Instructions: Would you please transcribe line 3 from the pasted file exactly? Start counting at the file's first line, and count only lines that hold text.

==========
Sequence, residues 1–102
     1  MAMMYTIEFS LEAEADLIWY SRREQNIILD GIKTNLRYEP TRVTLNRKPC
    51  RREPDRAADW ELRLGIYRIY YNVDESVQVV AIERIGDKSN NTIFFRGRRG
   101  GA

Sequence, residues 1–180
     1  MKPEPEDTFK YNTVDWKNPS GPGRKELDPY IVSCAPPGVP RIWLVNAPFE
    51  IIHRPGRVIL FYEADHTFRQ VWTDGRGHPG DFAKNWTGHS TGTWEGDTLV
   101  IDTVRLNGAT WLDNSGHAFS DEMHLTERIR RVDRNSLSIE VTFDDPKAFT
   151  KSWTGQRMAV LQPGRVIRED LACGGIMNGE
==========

    51  RREPDRAADW ELRLGIYRIY YNVDESVQVV AIERIGDKSN NTIFFRGRRG